FWIW, there is a similar issue with the “Air Station” flag. Berlin / Temple was THE key airport of the Berlin Airlift. It has records going back to when it was an open pre-aviation era military field. It is now decommissioned and being turned into shops. Right Now, the record says it is an Urban Airport. In a few years, it will say Urban, not an airport and you get to assume IT NEVER WAS AN AIRPORT. In the past it was rural, be we don’t care about the past… Soon the acres of tarmac and concrete runways will fade into the past and be forgotten as well…

    And because this is in the base data, it impacts ALL users of the data.

  15. 13.Tonyb said
    November 8, 2009 at 3:02 pm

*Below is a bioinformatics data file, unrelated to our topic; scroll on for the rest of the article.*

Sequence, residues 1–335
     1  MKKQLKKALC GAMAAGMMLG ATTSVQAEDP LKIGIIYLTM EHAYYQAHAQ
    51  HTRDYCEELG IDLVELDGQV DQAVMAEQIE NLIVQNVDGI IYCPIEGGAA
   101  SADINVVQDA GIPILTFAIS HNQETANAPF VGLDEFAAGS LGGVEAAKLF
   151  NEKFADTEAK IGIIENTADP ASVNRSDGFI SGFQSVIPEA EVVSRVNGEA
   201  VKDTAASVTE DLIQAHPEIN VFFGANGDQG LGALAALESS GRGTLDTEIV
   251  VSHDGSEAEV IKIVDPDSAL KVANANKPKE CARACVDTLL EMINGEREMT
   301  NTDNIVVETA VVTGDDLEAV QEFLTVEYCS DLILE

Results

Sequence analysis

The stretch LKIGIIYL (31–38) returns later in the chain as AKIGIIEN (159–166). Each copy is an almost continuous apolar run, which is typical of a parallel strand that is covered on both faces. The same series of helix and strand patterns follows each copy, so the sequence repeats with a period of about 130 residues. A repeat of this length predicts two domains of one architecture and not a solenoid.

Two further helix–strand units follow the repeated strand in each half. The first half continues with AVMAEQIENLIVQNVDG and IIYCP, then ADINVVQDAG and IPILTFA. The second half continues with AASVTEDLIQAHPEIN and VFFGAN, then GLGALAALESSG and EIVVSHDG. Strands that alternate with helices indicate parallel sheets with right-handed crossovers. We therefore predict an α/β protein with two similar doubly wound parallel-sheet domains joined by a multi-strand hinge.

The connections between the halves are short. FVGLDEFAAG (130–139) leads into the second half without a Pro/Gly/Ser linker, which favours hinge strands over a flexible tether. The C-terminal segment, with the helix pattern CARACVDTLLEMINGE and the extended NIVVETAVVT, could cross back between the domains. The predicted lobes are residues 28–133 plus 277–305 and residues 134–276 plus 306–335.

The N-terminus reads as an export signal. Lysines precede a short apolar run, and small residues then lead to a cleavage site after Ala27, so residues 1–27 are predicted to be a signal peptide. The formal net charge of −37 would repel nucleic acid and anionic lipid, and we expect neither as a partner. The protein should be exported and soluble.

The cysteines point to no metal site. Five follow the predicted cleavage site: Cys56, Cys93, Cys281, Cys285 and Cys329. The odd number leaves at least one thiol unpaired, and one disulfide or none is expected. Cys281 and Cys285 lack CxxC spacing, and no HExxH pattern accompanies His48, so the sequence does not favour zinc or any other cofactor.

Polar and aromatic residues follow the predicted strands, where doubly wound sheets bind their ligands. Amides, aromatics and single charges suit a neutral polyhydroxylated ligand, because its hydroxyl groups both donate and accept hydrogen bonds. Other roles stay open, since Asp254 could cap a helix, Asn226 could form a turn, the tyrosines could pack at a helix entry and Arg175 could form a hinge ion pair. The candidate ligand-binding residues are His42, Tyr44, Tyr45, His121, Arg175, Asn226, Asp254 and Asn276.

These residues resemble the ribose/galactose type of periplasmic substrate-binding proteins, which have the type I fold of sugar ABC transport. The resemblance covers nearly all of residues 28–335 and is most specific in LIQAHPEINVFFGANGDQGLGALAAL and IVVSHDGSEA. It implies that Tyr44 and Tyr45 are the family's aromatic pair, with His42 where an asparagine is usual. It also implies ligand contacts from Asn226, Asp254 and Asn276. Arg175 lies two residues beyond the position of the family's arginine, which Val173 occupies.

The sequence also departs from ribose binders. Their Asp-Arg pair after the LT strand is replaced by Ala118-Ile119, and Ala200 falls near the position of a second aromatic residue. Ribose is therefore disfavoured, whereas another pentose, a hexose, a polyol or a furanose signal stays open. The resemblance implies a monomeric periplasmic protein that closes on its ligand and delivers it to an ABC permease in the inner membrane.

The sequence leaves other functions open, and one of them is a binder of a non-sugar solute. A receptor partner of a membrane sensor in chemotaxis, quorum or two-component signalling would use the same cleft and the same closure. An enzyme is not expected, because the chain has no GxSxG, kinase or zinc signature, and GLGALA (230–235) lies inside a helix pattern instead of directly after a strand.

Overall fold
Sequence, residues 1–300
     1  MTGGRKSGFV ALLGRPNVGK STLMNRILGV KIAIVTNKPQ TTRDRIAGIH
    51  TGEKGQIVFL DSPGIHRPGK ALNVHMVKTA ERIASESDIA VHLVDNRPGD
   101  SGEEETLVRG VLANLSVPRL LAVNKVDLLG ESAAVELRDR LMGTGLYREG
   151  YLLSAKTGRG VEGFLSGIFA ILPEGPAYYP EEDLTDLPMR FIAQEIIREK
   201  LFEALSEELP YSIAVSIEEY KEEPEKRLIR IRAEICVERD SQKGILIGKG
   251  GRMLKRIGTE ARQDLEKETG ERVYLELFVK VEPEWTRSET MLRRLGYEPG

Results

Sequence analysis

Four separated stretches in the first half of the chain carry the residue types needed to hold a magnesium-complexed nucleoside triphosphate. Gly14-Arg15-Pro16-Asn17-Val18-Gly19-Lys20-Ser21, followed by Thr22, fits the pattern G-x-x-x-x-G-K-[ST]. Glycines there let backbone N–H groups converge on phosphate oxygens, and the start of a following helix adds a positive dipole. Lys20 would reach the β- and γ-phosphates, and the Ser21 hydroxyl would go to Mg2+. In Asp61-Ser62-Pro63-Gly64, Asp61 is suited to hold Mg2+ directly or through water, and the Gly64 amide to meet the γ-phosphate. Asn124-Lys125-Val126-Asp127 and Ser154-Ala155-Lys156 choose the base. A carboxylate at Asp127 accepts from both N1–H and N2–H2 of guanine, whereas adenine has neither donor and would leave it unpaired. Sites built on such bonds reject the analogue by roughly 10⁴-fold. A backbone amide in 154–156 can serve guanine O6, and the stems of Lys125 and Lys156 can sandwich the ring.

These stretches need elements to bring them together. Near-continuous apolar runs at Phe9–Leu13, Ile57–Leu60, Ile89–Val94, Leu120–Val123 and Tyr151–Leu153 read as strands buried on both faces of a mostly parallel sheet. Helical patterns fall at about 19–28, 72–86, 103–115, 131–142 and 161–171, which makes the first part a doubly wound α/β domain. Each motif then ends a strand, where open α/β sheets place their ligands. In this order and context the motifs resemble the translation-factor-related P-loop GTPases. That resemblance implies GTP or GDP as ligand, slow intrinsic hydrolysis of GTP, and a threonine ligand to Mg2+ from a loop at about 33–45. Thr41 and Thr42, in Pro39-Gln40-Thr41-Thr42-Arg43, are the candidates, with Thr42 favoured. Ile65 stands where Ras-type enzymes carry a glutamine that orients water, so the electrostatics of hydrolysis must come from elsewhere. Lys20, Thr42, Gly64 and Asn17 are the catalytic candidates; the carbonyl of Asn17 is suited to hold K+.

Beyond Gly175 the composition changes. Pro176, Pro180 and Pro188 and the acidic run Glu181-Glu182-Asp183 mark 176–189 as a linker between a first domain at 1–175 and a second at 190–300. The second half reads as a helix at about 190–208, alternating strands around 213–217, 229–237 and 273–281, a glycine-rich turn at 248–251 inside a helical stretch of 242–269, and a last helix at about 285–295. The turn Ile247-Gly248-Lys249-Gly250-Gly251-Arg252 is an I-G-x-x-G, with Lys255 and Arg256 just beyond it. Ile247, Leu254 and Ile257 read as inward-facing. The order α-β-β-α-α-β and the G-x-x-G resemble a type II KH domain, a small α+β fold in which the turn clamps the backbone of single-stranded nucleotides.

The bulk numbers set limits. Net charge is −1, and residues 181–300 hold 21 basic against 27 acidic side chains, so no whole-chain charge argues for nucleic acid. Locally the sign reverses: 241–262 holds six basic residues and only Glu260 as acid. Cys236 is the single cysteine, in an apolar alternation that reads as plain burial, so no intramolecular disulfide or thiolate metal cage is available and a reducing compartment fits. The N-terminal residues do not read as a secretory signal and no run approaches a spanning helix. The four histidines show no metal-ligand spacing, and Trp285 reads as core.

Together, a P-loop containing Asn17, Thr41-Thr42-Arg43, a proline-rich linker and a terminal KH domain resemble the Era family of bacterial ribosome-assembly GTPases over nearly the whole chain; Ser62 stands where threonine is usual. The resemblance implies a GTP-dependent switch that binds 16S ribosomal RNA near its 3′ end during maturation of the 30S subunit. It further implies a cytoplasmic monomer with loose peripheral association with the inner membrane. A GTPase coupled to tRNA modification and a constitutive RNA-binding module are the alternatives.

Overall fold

Re fitting exponential curve.

    Simply, the curve does not contemplate cases where there is a small population and a weather station some distance away. This would require a start to the curve which was flat on the X-axis for a while before the rise started. The graph shown is also counter-intuitative because it assigns the greatest rate of UHI increase to the smallest increase in population.

  16. One of Sydney Australia earliest meteorologists was Henry Chamberlain Russell (1836-1907) and was based at Observatory Hill.
    BOM started 1901 so it may not carry earlier data.
    Still searching if there is pre 1901 data online.

  17. After further searching of the Australian BOM website.
    Search for Sydney Observatory site 066062 and that has data back to 1858

  18. Geoff